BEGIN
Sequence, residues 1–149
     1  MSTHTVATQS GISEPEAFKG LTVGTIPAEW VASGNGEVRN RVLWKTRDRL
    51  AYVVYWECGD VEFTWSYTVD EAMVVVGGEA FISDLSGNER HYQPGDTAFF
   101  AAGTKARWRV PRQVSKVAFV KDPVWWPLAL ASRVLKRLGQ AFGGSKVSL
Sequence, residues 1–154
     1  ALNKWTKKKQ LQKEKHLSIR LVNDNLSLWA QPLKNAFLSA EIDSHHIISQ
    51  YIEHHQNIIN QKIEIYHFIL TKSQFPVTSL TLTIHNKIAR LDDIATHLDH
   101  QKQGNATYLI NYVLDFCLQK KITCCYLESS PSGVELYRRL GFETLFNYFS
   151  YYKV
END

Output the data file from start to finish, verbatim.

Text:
Sequence, residues 1–149
     1  MSTHTVATQS GISEPEAFKG LTVGTIPAEW VASGNGEVRN RVLWKTRDRL
    51  AYVVYWECGD VEFTWSYTVD EAMVVVGGEA FISDLSGNER HYQPGDTAFF
   101  AAGTKARWRV PRQVSKVAFV KDPVWWPLAL ASRVLKRLGQ AFGGSKVSL
Sequence, residues 1–154
     1  ALNKWTKKKQ LQKEKHLSIR LVNDNLSLWA QPLKNAFLSA EIDSHHIISQ
    51  YIEHHQNIIN QKIEIYHFIL TKSQFPVTSL TLTIHNKIAR LDDIATHLDH
   101  QKQGNATYLI NYVLDFCLQK KITCCYLESS PSGVELYRRL GFETLFNYFS
   151  YYKV